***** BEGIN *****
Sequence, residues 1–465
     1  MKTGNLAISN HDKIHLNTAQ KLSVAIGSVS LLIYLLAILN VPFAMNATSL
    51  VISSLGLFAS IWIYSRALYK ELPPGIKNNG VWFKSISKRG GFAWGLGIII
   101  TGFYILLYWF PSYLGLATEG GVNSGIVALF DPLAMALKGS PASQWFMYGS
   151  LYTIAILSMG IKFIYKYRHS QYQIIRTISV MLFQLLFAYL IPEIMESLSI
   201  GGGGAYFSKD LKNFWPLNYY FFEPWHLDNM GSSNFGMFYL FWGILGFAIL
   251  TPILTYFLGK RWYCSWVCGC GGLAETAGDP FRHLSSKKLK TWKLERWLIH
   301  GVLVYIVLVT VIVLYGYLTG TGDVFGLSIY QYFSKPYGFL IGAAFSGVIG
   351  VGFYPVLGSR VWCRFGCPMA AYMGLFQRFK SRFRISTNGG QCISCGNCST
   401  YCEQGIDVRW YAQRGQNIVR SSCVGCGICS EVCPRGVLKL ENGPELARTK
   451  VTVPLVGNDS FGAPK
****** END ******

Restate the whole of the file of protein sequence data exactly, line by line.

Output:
Sequence, residues 1–465
     1  MKTGNLAISN HDKIHLNTAQ KLSVAIGSVS LLIYLLAILN VPFAMNATSL
    51  VISSLGLFAS IWIYSRALYK ELPPGIKNNG VWFKSISKRG GFAWGLGIII
   101  TGFYILLYWF PSYLGLATEG GVNSGIVALF DPLAMALKGS PASQWFMYGS
   151  LYTIAILSMG IKFIYKYRHS QYQIIRTISV MLFQLLFAYL IPEIMESLSI
   201  GGGGAYFSKD LKNFWPLNYY FFEPWHLDNM GSSNFGMFYL FWGILGFAIL
   251  TPILTYFLGK RWYCSWVCGC GGLAETAGDP FRHLSSKKLK TWKLERWLIH
   301  GVLVYIVLVT VIVLYGYLTG TGDVFGLSIY QYFSKPYGFL IGAAFSGVIG
   351  VGFYPVLGSR VWCRFGCPMA AYMGLFQRFK SRFRISTNGG QCISCGNCST
   401  YCEQGIDVRW YAQRGQNIVR SSCVGCGICS EVCPRGVLKL ENGPELARTK
   451  VTVPLVGNDS FGAPK